How Granular Should My Microprocesses Be? By Jan Kettenis
Blog: PaaS Community
As with all modularization principles, finding the right granularity is not always trivial and the more important. Some of us have seen complete projects fail because of getting this wrong. The Microprocess Architecture is no exception to this rule and in the following I discuss this topic, hoping to guide you in getting it right.
As explained in the article introducing the Microprocess Architecture the rationale for applying it consists of a combination of reducing impact when implementing new features and bug fixes, ease applying them to an already deployed business process, supporting parallel development and few others. Said differently and in one word: agility.
To correct the mistake made in the introducing article of not defining what a microprocess stands for:
A microprocess is a subprocess of a larger business process, where the subprocess spans the execution of one or more activities to reach a business significant state change of the business process, and which can be developed and deployed as a stand-alone component.
This definition implies that the scope of a microprocess has business visibility. However, as such that does not yet clarify the right granularity. Too course-grained and there is a risk of not delivering on the core value of agility, too fine-grained and you risk issues with performance and scalability.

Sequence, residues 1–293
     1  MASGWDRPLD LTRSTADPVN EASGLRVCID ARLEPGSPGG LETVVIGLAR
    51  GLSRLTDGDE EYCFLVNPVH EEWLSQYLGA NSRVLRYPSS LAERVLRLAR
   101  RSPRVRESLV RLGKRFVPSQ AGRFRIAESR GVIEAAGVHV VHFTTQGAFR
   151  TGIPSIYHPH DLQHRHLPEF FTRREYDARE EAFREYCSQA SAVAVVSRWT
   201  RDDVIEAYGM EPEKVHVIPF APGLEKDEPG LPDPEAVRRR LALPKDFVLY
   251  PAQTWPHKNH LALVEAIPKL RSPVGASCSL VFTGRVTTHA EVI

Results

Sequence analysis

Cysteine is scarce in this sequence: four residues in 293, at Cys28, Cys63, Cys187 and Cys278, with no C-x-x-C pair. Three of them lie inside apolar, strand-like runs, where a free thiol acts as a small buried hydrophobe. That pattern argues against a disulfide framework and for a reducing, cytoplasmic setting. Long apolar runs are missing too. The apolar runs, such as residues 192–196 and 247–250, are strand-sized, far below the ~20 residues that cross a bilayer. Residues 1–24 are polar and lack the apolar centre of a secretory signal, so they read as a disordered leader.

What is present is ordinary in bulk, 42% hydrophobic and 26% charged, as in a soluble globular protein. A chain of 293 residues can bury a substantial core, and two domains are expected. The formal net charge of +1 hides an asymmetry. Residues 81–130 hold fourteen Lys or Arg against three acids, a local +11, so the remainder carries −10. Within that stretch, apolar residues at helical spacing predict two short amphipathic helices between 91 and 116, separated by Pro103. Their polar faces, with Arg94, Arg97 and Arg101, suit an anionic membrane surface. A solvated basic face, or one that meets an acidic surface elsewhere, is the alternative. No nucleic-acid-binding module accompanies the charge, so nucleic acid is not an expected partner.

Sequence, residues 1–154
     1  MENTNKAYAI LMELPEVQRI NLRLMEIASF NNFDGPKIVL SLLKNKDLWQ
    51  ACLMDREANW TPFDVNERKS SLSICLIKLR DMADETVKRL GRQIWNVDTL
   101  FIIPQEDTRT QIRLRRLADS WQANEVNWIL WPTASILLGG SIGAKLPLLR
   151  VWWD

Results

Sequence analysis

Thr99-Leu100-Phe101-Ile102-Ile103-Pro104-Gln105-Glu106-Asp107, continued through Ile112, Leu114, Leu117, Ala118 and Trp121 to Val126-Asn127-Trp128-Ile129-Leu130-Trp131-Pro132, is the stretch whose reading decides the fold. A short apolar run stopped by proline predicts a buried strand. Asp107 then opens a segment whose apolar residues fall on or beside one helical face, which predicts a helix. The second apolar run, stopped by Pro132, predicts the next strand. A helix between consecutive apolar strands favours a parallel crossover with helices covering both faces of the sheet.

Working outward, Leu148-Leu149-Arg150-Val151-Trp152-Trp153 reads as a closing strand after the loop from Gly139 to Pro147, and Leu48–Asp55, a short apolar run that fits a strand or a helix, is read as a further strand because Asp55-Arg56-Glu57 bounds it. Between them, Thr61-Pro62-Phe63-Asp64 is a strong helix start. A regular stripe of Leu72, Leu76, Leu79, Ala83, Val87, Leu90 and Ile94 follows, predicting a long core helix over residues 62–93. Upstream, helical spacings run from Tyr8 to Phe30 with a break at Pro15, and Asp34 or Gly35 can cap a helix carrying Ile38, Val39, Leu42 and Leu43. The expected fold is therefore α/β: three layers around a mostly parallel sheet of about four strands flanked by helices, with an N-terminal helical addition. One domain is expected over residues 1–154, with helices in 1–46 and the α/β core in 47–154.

So, what is the right granularity? First let me try to illustrate by example. I then capture some of the main characteristics that should give you guidance on how to apply it for your use case.
Order handling example
An order handling process of a bank, that starts with a customer submitting an order form and ends with invoking one or more back-end systems to handle the delivery, could consist of the following microprocesses: Read the complete article here.
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